The stories shared with me were spontaneous. It made them feel like secrets flying from a locked chest. I noticed that the more present I felt in my body and the less I inserted my own story or advice, the more real the story grew, unencumbered and unedited. I felt the ways other people’s stories moved and worked in my body. Some stories made me feel the need to go away by myself into nature for a long walk. Other stories felt like cobwebs and made me feel the need to dance later so that I could find myself. Many stories felt like winged messengers that wanted to go directly onto a piece of paper so that I could document and remember them for a later time.
While writing through story after story during my Goddard College campus intensives, I met a taxi driver who shared a personal story that landed deeply in me, and catalyzed me to the process of selling everything and returning to my adolescent home, to call my wild matryoshka stories back home to me. Personal stories of change, courage and hope have the potential to bring people closer in understanding one another’s similarities and differences. Listening and sharing personal stories grow empathy and compassion too. I feel they are the stories that Mary Pipher talks about, when she refers to writing and storytelling as a way of changing the way we see. The Anywhere Taxi driver from rural Vermont inspired my short story, anywhere taxi.
He tells me he wants to work with the kids they call bad apples because he knows deep down they aren’t. He tells me what a bad apple he was, but how the probation officer saw through the bad apple. How he grew new. I’m surprised by his language.
I tell him my secret. For some reason, it just slips out and wishes to reveal itself to him. I tell him about my roots. “I was one of those bad apple kids. Well, sort of. I hid it. I drank, smoked, had tons of sex, did drugs, and was pregnant by 15. I tried to kill myself many times. I hated myself. I just kept all my sadness in, so nobody knew. After all, there wasn’t anybody to tell. My mom never knew any of it, until I got pregnant. But she never knew how miserable I was. She thought I was moody, just too intense and sensitive.”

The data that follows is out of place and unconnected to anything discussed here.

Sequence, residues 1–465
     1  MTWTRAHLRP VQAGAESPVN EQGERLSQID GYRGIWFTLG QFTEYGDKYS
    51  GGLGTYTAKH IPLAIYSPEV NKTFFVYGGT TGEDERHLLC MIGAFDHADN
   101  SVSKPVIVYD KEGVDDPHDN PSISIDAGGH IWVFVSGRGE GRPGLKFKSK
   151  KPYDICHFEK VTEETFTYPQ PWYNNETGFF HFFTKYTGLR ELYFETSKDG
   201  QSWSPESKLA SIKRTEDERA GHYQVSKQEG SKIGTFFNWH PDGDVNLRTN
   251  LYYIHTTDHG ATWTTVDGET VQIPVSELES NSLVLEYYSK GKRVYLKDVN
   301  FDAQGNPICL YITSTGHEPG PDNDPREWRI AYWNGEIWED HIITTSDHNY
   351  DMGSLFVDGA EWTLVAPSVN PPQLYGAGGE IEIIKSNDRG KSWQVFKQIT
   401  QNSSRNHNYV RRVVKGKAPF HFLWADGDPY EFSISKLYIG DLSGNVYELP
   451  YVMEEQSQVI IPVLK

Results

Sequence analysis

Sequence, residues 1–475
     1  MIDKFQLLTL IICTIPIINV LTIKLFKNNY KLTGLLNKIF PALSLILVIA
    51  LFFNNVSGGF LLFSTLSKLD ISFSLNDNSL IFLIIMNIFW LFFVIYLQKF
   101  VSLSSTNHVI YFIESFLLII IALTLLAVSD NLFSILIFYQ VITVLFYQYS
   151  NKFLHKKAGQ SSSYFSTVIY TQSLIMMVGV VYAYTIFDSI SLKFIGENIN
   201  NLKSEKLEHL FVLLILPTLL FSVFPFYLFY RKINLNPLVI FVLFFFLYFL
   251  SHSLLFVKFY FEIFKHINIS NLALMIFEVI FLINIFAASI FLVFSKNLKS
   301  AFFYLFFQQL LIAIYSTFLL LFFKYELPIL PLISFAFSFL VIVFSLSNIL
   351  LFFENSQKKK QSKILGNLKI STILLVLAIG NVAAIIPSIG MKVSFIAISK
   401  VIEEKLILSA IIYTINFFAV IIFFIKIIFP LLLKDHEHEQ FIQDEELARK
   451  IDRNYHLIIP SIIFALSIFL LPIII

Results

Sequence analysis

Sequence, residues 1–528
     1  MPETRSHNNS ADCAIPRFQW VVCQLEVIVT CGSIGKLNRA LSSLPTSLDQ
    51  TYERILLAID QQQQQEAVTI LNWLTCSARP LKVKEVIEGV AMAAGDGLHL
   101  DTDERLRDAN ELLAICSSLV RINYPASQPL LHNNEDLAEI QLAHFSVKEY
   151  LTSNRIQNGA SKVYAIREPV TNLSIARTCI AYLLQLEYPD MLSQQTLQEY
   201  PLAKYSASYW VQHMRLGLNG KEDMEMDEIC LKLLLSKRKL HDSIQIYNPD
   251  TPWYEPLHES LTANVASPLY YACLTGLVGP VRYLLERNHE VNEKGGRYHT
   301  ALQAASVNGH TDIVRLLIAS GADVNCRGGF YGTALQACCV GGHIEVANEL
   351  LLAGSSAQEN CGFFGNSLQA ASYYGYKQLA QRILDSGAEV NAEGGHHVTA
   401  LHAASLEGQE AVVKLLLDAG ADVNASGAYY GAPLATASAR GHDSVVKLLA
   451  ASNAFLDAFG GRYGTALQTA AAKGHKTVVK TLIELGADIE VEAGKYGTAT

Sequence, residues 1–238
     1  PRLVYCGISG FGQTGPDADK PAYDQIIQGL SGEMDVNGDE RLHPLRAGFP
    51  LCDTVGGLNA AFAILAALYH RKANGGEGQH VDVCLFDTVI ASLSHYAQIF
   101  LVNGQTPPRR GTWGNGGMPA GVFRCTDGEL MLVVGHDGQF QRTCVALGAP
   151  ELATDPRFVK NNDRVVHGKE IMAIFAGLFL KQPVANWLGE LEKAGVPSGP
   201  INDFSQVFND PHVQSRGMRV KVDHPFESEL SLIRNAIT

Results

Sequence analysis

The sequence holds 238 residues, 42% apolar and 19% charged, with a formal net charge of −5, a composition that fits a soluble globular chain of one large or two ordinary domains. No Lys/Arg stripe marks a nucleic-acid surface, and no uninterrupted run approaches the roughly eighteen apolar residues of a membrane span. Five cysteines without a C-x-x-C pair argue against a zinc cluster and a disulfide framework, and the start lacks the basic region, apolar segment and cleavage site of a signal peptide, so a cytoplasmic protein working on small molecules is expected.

And then I tell him the second half of my secret. “I want to go back. I’ve wanted to, but I’ve been a little scared. Mostly, I just feel it is a depressing place.”
“No!” He jumps in. “You can’t be scared. You have to go and face your fear. That’s the only way to move through. The only way to heal is to go through the pain. And if you don’t get back to your roots, how do you know who you are?”
His voice changes and I feel his electricity running up my right leg. “My mom,” he says, as if reading me, “says I am her miracle boy. That’s all she ever says, “You are a miracle. You lived through hell. And look at you now. You are my miracle boy.”
The taxi driver revealed the green sprout growing inside of himself. He told parts of his story that were difficult, like how he had been abused, ran away, went to jail and made many mistakes during his adolescence. He told me about his miracle. His green sprout must have been doing well because it sprouted something in me and moved me to upper Michigan to explore place and story in my house of adolescence. Story retrieval is a potent catalyst for integrating, embodying and transforming our relationship to personal and collective stories.
Read more of Stasha’s work on her substack